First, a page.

I have never played a harp. I don’t think I’ve ever even touched a harp, actually. It’s not really the kind of instrument you find lying around in a friend’s basement or an unused corner of a school music room. They’re rather expensive. And big, and presumably heavy though not so heavy that you’d need tow trucks or anything. So not terribly common, basically. Not that I would know where to start, at all, if I did get my hands on one. There are strings, yes, and I play some stringed instruments, but I really don’t think that qualifies me to go anywhere near a harp.
It’s an instrument I would really like to learn how to play one day, but it’s admittedly not on the top of my list. First of all, it’s not really an instrument that you can bring around with you to pubs or jam sessions and play with your friends. I feel it’s more of a stationary instrument, that you’d keep in your living room as much to add to the aesthetic of the room than anything else. And it’s not something you could expect a jamming venue to provide for you. Like if you go to a friend’s place to play some music with your buddies, you can reasonably expect there to be a piano or at least some kind of keyboard there. A harp? Not so much.
And such a huge part of music, for me, is being able to play with other people and share your love of the music with those around you by collaborating. But in the same breath, there is definitely something to be said about the uniqueness of the harp. It has a hauntingly beautiful sound, quite unlike any other instrument. There are many songs where I’ve heard a harp and can’t imagine any other instrument giving the same quality to the music.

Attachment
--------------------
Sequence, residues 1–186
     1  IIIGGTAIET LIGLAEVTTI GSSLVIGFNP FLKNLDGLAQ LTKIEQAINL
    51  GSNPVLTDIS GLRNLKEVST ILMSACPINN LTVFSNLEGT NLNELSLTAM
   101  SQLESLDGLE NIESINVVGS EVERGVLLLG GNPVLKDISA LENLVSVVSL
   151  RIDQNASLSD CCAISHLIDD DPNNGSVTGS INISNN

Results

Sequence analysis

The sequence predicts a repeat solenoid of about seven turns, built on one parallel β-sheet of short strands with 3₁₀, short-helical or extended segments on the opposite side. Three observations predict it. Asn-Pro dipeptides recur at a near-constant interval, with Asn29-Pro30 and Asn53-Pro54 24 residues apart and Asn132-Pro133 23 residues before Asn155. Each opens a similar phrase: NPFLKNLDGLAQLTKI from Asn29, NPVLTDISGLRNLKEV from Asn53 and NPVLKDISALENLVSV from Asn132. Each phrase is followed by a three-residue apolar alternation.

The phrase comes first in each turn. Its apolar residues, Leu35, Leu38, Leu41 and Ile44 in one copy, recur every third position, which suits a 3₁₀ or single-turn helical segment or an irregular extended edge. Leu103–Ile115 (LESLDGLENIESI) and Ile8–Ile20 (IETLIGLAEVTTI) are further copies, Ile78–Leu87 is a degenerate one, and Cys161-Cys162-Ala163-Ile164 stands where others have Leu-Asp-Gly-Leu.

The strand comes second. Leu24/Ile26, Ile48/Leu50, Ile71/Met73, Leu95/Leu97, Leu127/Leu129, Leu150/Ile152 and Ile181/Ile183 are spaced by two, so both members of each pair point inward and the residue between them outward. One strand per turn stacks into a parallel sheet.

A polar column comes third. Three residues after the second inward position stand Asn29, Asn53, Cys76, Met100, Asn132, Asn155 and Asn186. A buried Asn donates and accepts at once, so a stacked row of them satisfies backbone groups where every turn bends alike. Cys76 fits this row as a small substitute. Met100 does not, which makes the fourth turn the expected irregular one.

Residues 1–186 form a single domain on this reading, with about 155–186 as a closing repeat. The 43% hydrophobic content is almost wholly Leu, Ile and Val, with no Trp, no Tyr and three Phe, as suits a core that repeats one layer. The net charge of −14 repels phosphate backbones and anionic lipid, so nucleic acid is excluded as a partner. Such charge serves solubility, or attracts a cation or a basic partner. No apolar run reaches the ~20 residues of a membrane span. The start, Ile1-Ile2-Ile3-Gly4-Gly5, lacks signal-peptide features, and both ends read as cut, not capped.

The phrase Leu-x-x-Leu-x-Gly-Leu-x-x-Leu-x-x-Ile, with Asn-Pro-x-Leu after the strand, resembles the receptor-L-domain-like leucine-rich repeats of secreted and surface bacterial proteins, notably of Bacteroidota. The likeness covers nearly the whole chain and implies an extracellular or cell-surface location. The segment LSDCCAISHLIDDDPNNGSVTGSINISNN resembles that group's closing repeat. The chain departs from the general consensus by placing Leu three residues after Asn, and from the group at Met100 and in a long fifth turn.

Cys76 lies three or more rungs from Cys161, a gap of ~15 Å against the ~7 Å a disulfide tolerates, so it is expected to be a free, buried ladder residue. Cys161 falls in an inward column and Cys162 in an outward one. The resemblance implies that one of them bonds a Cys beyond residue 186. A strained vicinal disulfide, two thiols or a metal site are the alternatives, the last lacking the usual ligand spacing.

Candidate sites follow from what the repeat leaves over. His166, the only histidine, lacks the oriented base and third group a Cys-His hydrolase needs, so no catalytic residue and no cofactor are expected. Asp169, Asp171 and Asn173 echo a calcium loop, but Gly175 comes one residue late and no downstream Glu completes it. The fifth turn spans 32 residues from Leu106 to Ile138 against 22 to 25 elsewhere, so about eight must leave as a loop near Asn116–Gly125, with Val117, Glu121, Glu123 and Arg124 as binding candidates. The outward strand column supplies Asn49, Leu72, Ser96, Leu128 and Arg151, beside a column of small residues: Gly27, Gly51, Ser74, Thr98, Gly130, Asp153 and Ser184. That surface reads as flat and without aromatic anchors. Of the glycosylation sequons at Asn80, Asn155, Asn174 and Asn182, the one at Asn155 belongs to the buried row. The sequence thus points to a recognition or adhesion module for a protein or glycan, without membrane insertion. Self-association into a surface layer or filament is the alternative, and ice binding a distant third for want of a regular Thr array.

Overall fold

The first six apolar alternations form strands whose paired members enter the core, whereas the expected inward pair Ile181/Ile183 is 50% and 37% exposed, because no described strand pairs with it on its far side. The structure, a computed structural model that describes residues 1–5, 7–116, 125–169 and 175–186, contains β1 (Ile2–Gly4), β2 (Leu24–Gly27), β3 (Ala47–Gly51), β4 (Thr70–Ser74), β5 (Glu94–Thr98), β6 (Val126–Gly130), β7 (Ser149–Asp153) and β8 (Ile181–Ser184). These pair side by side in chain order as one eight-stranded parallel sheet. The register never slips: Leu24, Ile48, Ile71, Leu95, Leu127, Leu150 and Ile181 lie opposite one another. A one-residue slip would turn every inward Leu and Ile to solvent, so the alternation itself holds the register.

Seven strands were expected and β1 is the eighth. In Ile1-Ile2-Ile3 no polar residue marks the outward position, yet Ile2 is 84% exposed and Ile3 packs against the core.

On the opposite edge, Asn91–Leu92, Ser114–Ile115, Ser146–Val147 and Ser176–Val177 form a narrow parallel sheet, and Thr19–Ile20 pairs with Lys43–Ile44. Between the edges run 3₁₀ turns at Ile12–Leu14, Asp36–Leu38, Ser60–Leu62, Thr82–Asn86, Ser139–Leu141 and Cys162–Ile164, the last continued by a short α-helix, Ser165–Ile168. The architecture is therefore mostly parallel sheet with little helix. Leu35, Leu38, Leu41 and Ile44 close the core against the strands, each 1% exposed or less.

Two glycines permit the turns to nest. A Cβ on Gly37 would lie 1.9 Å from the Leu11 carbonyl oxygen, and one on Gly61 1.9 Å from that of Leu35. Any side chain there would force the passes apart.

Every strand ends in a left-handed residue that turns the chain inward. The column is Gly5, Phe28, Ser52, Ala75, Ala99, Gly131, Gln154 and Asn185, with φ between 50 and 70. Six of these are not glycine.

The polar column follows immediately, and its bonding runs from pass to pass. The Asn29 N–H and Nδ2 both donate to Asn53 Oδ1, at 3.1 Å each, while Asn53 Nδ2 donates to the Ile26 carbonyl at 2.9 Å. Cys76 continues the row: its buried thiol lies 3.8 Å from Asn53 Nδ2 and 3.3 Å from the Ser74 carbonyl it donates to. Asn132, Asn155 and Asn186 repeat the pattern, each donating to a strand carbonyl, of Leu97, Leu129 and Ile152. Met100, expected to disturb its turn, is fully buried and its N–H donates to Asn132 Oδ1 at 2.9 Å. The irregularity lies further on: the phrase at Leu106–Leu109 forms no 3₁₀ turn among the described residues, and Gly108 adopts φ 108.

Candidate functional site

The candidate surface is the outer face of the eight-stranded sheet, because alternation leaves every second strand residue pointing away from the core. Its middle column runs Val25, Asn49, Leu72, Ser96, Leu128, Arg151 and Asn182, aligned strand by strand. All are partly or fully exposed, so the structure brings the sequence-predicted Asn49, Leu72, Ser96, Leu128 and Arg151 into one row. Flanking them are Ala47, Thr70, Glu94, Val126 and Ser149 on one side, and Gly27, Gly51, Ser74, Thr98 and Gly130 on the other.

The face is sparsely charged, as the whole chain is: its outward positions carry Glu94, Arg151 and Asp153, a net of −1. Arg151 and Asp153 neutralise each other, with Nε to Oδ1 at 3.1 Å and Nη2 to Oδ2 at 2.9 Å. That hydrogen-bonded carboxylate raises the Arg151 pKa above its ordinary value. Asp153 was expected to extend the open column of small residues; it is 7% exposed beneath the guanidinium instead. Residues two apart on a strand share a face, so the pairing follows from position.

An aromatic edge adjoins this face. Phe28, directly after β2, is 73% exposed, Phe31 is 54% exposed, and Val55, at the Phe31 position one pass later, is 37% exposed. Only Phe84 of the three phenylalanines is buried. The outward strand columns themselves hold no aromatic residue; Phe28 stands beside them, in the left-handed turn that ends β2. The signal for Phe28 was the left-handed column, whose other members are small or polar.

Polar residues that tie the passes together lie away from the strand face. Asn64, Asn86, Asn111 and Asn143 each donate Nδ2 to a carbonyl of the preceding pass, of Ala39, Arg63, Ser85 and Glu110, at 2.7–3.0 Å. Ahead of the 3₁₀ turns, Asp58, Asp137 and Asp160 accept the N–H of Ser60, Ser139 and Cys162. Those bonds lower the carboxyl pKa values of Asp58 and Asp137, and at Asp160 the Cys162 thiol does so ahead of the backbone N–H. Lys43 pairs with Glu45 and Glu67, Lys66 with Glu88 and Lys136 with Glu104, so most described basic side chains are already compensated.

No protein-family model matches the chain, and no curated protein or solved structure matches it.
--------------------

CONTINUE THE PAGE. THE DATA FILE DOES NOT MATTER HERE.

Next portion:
My favourite place to hear a harp is in Celtic music, that is, music from Ireland and Scotland. The sounds reminds me of misty moors and old magic, and makes me want to hop on a plane and lose myself up in some heather-covered mountain in the highlands. Music has incredible power to transport you places in your mind, and the harp has a special kind of power for me, dragging me across to the sea to older places.
And it probably helps, too, that everyone I’ve ever seen play the harp looks like they should be playing the harp. You know? So often the people playing the harp are these lovely, willowy, graceful women who look like they are one with the instrument. It’s not only a beautiful instrument to listen to, but also a beautiful instrument to see played, too. In all honesty, I’m not sure I could pull off that kind of elegance playing such a beautiful instrument. Perhaps one day I’ll be given the chance. Until then, I’ll have to settle for appreciating the musicianship of other, far more coordinated people.